‘Squid Game’ star Lee Jung-jae’s directorial debut ‘Hunt’ to be released in US theatres

The espionage thriller will come to US cinemas in December

South Korean actor Lee Jung-jae’s directorial debut Hunt will get a US theatrical release in December.

On August 15, Deadline reported that film distributor Magnolia Pictures has acquired US rights to the South Korean film Hunt and is currently planning a December theatrical release.

The spy-action film notably marks the directorial debut of veteran actor Lee Jung-jae, who gained significant international recognition for his role in Netflix’s 2021 hit series Squid Game. He also wrote the screenplay for Hunt, which is set in the ’80s at the height of South Korea’s military dictatorship.


Lee also stars in the film alongside with Jung Woo-sung as intelligence agents tasked with hunting down a North Korean spy embedded in their agency. They then discover a plot to assassinate the South Korean president.

The film also deals with several real-life historical events, including the May 18 Gwangju Uprising in 1980 and a 1983 assassination attempt against then-president Chun Doo-hwan.

lee jung-jae squid game re-edit international version hunt directorial debut global audience
Lee Jung-jae in ‘Hunt’. Credit: Megabox JoongAng

Hunt first made its world premiere at this year’s Cannes Film Festival’s Midnight Screening section, and began screening in South Korean cinemas on July 27. Following its domestic release, the espionage film sold over 1.5million tickets and topped the Korean box office for five days in a row, per Korea JoongAng Daily.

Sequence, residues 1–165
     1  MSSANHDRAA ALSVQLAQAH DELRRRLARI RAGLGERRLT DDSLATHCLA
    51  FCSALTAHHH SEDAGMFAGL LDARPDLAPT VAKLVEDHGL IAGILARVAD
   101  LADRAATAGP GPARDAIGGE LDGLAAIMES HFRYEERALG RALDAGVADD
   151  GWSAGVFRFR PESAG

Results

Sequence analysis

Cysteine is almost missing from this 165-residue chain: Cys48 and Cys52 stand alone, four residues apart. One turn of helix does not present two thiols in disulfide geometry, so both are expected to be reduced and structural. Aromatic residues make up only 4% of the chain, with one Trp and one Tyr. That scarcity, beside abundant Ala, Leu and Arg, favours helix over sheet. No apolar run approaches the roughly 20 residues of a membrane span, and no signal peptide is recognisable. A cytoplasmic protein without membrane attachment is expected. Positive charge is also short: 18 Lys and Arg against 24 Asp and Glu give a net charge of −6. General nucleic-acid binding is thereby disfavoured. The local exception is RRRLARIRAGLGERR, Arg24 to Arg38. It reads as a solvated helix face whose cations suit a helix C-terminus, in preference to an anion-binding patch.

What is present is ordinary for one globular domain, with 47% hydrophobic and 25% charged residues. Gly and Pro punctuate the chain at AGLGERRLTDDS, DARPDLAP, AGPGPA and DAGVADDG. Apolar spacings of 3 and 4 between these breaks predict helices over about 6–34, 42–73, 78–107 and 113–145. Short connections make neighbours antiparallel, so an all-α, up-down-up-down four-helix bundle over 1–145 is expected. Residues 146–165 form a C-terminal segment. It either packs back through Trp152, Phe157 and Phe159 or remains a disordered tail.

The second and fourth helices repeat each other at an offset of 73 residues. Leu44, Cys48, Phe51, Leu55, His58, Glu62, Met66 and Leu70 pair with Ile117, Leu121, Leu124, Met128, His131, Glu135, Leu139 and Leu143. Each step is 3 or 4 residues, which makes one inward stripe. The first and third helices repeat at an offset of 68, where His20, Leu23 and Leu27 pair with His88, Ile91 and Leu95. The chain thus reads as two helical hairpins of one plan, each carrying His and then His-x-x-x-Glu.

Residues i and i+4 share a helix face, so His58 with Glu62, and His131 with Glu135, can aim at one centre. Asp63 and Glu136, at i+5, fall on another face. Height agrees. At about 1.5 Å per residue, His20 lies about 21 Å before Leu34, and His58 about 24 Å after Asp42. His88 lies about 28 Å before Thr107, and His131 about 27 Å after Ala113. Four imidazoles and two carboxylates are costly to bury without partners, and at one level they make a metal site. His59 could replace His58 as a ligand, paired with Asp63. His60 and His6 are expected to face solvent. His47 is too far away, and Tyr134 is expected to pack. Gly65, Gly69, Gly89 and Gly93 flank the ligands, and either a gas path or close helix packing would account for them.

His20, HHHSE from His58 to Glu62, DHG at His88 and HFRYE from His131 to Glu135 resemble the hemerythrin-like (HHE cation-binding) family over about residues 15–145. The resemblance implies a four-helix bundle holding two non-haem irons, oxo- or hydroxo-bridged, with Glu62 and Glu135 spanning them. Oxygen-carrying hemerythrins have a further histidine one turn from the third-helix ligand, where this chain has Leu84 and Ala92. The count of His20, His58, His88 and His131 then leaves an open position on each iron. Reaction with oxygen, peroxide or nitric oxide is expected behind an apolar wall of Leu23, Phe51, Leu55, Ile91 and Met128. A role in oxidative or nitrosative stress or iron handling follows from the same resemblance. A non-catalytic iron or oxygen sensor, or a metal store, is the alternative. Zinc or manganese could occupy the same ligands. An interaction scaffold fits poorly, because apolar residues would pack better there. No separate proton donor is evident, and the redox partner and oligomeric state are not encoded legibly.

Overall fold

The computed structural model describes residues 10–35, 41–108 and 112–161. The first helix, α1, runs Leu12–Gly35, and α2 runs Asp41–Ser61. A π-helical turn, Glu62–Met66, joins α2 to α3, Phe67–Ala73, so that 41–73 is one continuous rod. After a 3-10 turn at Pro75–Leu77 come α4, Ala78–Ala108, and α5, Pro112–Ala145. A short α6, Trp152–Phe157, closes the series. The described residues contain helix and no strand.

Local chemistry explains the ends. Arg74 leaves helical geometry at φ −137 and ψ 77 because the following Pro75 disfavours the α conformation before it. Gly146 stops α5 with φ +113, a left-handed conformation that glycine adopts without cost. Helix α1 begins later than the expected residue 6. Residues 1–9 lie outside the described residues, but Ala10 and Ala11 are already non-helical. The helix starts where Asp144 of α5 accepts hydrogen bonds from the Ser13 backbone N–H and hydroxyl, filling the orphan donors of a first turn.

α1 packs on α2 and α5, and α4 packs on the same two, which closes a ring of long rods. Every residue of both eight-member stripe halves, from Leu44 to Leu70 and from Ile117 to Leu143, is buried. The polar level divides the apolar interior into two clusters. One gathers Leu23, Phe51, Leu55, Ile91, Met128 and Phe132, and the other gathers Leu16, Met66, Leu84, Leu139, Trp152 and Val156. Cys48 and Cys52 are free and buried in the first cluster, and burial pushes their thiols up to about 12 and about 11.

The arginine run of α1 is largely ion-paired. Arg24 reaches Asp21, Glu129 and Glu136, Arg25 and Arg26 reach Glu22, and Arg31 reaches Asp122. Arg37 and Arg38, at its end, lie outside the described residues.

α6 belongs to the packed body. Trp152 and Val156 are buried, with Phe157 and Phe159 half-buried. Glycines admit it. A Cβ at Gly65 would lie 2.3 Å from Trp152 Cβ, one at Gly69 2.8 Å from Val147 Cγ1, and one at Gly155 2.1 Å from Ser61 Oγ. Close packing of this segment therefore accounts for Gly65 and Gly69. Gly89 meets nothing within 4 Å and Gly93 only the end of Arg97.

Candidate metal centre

Following Hunt’s debut at Cannes, Lee shared that he had re-edited parts of the film to provide international audiences with additional context of South Korean politics in the ’80s.

“When writing the script of Hunt, I set younger generations in South Korea who learn about the era from history textbooks as the target audience. I thought foreign viewers would be the same,” Lee said, per Yonhap News Agency.


“But at Cannes, about 30 per cent of foreign media reviews complained that it was hard for them to keep up with the story as they didn’t know about Korean politics in the 1980s. That was beyond my expectations,” he explained. “Thanks to reactions at Cannes, I was able to make the revisions to help more viewers get a better understanding.”